The UKTC will be an authoritative and independent voice on childhood trauma providing expert guidance in a complex field. We are working closely with communities, children and young people, and professionals through consultation and co-production to develop and disseminate accessible, trusted, evidence-based resources and guidance. In the first instance these will be focused on helping professionals support children and young people. Over time we intend to build a UK hub for learning, training and policy guidance. We aim to develop resources for young people themselves and their parents or carers. Through this work the UKTC aims to transform the quality of support available to children and young people who experience trauma.
Why we started
One in three young people is exposed to potentially traumatic events or experiences by the age of 18.  The experience of trauma, whether these are single incident events or the impact of childhood adversity and trauma, can have a potentially devastating impact on children’s development including their physical and mental health, their capacity to learn and their social engagement within their family or the wider community.
The long-term impact can also be significant into and throughout adulthood. These findings underline the importance of an informed and consistent response to childhood trauma that draws on the best use of current evidence and implementation expertise.
There is an overarching set of principles and body of evidence that informs the kind of response and support that can reduce the impact of traumatic events on children. There is also a recognition that the experiences of each child must be thought about in light of their own context.
Despite the profound impact that trauma can play across all aspects of a child’s development , there is currently no platform to facilitate collaboration and communication across individuals and organisations who hold expertise in this area.
This means that across the UK, knowledge and expertise is not always shared, learning is not used and there is no authoritative voice that can speak about all forms of trauma experienced by children and young people. The result is that there is:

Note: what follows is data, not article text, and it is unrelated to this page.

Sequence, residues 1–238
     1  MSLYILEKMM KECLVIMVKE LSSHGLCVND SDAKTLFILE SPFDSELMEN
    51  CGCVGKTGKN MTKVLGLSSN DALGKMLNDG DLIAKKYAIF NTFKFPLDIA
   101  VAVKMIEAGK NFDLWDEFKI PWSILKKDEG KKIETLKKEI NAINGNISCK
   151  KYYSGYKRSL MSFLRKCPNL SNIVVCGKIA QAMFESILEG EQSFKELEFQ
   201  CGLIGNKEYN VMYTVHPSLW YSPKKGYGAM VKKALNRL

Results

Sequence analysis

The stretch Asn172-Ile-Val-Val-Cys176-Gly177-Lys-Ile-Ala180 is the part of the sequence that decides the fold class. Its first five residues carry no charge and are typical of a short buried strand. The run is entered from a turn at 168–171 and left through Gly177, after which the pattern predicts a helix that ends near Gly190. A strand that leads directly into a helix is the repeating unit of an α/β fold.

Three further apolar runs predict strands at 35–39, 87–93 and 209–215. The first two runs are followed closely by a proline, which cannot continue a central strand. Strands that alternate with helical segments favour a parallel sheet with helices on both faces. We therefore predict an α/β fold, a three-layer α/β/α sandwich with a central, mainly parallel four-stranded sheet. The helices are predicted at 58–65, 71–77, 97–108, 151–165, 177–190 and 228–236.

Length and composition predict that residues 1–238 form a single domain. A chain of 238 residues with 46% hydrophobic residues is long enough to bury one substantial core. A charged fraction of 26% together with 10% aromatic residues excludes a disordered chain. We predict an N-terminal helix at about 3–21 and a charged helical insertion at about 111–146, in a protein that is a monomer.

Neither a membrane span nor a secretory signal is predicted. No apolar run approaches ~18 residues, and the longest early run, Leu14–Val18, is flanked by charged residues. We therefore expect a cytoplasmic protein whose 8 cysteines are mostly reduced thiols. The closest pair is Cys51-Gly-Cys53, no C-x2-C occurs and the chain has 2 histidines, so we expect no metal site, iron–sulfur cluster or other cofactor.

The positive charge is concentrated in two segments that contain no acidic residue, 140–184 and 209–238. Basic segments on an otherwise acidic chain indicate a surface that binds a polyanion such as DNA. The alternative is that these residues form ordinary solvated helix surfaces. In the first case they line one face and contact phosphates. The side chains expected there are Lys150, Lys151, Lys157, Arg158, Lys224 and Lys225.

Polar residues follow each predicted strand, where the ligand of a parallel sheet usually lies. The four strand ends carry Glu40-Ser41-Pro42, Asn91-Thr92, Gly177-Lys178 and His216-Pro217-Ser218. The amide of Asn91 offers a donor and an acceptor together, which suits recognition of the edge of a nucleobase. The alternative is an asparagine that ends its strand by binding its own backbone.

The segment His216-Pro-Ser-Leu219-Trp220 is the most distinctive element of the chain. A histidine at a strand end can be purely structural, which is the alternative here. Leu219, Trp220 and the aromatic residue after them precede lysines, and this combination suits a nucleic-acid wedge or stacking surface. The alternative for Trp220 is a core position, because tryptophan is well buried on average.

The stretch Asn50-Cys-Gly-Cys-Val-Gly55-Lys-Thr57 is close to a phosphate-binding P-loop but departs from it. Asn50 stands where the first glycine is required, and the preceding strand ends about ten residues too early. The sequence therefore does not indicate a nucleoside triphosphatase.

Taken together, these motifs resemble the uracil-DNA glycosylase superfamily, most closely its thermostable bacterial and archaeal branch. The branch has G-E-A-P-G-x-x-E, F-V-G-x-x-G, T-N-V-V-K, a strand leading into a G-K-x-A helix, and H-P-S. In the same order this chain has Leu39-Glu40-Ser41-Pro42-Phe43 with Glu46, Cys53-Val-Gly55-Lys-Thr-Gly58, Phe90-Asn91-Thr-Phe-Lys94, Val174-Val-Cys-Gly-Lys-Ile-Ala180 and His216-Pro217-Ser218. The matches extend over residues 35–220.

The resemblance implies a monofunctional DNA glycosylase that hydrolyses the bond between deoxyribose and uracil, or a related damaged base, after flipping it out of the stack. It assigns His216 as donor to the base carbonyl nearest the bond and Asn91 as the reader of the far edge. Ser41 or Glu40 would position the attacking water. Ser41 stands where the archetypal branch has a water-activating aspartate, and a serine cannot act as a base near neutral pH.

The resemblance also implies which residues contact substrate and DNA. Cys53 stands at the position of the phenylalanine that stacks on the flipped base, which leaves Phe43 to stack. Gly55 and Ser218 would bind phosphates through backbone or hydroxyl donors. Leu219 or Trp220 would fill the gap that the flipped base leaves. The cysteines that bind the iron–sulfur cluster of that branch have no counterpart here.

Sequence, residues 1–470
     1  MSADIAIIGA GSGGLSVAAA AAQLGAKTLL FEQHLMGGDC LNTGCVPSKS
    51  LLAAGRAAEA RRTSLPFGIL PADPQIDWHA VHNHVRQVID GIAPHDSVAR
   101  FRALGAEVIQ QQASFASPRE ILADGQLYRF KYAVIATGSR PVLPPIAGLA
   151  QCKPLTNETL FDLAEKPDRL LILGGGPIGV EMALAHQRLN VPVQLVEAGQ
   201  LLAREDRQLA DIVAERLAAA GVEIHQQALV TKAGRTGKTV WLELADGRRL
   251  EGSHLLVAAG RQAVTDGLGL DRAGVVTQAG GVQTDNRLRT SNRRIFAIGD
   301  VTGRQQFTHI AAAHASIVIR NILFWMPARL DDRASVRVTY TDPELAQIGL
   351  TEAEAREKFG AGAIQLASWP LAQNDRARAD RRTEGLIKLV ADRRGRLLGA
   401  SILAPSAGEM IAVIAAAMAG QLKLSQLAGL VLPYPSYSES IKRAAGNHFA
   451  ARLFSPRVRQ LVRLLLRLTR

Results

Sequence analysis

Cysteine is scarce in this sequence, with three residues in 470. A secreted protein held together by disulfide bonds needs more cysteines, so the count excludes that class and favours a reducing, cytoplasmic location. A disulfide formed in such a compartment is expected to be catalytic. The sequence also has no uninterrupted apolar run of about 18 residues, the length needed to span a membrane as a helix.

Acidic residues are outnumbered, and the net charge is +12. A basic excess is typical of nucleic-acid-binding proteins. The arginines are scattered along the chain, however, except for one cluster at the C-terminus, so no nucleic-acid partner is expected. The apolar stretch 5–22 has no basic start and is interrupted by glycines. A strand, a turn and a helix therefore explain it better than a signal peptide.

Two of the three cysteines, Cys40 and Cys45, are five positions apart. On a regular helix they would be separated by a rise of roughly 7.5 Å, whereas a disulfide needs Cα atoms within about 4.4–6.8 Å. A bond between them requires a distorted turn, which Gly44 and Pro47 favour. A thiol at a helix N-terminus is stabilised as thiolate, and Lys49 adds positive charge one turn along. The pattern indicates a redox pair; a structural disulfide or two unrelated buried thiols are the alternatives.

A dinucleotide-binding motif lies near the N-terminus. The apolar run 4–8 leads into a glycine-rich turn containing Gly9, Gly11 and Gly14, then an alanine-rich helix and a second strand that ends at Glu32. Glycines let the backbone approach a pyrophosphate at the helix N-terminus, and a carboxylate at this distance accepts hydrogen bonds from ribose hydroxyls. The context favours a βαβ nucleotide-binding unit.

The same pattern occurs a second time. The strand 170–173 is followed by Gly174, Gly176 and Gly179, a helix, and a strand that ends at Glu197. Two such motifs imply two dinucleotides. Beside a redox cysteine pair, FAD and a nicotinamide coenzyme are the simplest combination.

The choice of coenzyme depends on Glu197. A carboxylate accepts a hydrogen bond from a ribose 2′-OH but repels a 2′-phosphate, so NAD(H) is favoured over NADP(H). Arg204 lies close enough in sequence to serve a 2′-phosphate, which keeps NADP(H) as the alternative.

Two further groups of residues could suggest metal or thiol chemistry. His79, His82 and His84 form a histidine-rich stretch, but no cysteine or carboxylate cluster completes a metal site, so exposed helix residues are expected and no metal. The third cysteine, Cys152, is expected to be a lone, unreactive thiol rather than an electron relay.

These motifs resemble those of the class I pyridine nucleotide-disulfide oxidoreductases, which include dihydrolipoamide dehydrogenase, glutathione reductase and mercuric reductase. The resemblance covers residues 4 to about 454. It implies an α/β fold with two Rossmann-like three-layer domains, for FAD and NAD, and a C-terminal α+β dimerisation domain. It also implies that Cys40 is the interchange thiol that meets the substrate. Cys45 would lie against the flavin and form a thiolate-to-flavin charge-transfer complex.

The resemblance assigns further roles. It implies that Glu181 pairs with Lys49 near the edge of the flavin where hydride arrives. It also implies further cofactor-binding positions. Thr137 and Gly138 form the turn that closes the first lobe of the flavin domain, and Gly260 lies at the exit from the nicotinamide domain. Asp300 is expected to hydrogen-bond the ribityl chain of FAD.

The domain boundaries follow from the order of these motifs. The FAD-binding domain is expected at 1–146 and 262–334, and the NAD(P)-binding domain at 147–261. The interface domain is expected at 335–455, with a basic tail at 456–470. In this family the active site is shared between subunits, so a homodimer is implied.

- A lack of access: Availability of evidence-based resources and guidance across the country is patchy
- A lack of leverage: The benefits of sharing expertise, experience and knowledge across disciplines, sectors and geographical locations are not realised
- A lack of learning: There is no UK-wide platform to facilitate learning in the field of childhood trauma
For this reason, the Anna Freud Centre identified the need for evidence informed leadership through the UK Trauma Council. The Centre undertook a scoping exercise involving thousands of practitioners and leading academics. The feedback was overwhelmingly positive and strongly in favour of establishing a UK-wide council. Thanks to funding from St. James’s Place Foundation, the Council was then established and subsequently was awarded funding from The National Lottery Community Fund – the largest funder of community activity in the UK. This will enable us to develop resources and guidance that can help families, schools and professionals; provide a hub for training, learning and policy guidance; and in future years convene a Young Person’s Trauma Council.
 Lewis, S. J., Arseneault, L., Caspi. A., Fisher, H. L., Matthews, T., Moffitt, T. E., … Danese, A. (2019). The epidemiology of trauma and post-traumatic stress disorder in a representative cohort of young people in England and Wales. Lancet Psychiatry, 9, 247–56.